To be sure, there are HUGE barriers to the Left and the Right uniting on anything, but both sides want free and fair elections in which legal voters can choose who they perceive as being the best candidates, and not necessarily just those of the two main political parties, either. If they were honest, both sides would agree that this would improve politics not just because of greater diversity in elected officials, but also because it would force the two main parties to address the needs of the people, not the oligarchs and plutocrats.
The problem, obviously, is getting the two sides to agree on how to do that.
Let’s start with an easy one: Stop using social media to get political information! I mean stop completely: Don’t share that meme that made you say “yeah!” out loud. Don’t take every chance you get to “correct” those you disagree with—read more, type less. Don’t follow links posted by friends you agree with—but, once in a while, follow links posted by friends you don’t agree with.
This is because, as Timothy B. Lee wrote yesterday on Vox, “social media creates angry, poorly informed partisans”, not informed and aware voters. He wrote:
The increasing polarisation of news through social media allows liberals and conservatives to live in different versions of reality. And that’s making it harder and harder for our democratic system to function.This is the core of what’s gone wrong with American politics: People exist in ideological bubbles, often believing things that simply are not true and that, in turn, leads them to believe that their political adversaries are stupid, brainwashed, evil, and/or a threat to humanity itself—not necessarily in that order.
To understand why this happening, Lee deserves to be quoted at some length (though I shortened it a bit to focus the point):
The key thing to note about this process is that it’s not apparent to the average Facebook user. When people opened a traditional newspaper, they got a representative sample of the previous day’s news. They also got stories that had been written by professional reporters who had at least a passing familiarity with the stories they were writing about. So obvious nonsense… wouldn’t have shown up in the news.
The Facebook newsfeed isn’t like that. It’s a sampling of stories heavily skewed toward the kinds of stories your friends and family like to share. And many stories are produced by amateurs with no real expertise in the topics they write about. So stories that are inaccurate but confirm people’s biases… are more likely to show up in people’s Facebook feeds than stories that reach an accurate but banal conclusion on the same subject.It would be nice if we could teach critical thinking skills, and how to vet sources of information and what they say, and how to find other sources to check information against, and to know how to do original research to confirm or refute an assertion. But, let’s be honest: That’s all too much work for the average time-starved person, even when they have all the research skills imaginable. So, a good first step is to stop using social media as a legitimate information source all on its own, because it just isn’t.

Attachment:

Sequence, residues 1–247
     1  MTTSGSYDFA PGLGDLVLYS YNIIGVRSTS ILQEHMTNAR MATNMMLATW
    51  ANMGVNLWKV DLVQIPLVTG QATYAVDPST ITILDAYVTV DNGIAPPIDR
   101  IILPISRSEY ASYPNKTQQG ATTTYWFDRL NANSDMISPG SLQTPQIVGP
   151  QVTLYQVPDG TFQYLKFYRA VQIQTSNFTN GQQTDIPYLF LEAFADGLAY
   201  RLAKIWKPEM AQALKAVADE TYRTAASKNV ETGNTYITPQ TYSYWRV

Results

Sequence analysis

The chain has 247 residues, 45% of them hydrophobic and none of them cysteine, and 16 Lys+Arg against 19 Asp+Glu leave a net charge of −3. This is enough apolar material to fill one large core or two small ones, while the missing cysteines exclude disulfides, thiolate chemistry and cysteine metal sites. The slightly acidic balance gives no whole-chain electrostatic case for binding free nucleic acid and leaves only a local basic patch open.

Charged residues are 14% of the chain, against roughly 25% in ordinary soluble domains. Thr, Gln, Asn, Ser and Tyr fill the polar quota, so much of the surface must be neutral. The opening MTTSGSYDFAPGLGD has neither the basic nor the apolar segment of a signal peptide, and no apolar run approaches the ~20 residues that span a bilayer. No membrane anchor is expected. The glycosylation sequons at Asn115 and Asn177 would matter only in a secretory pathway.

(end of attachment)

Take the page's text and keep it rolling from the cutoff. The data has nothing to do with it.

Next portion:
This year has been particularly toxic on social media. We’ve probably all seen arguments about candidates, and we may have seen or heard about real-life friendships disintegrating because the people disagree with each other about the “right” candidate to support. That’s stupid.
We cannot begin to fix the broken political system if we’re so willing to allow social media to substitute for real life because—spoiler alert!—it absolutely isn’t. In the real world, most of us would never dream of hurling the sort of abuse that happens every single day online. Most of us would never sit in a friend’s house and call them “just another fucking libtard/wingnut moron”, yet people do the virtual equivalent all the time when they let their angry fingers fly without their humanity engaged.
As for me, most of the time I disengage from social media discussions about politics. I do sometimes take part, and it’s not always completely positive—I’m human, too—but I’ve successfully made a conscious decision to avoid joining the vast majority of discussions I see, especially ones that make me angry. Because, you know, anger leads to hatred, and hatred leads to suffering, as Yoda warned.
And that’s the bottom line: Americans CAN unite to fix America’s broken politics, but only if they stop shouting past each other long enough to actually talk without anger or hatred. That means not using social media as a legitimate information source, because to lift the level of discourse, we must first lift the level of information.
I’ll be honest: I’m not optimistic this can happen. People seem to weirdly enjoy the current situation and its toxicity. But this is the one thing we can all do that doesn’t cost a cent or require politicians to do a thing. We have to start somewhere, why not with ourselves?
There are other, structural things that are needed to fix the USA’s broken politics, but that’s a topic in itself. Right now, we need to fix ourselves.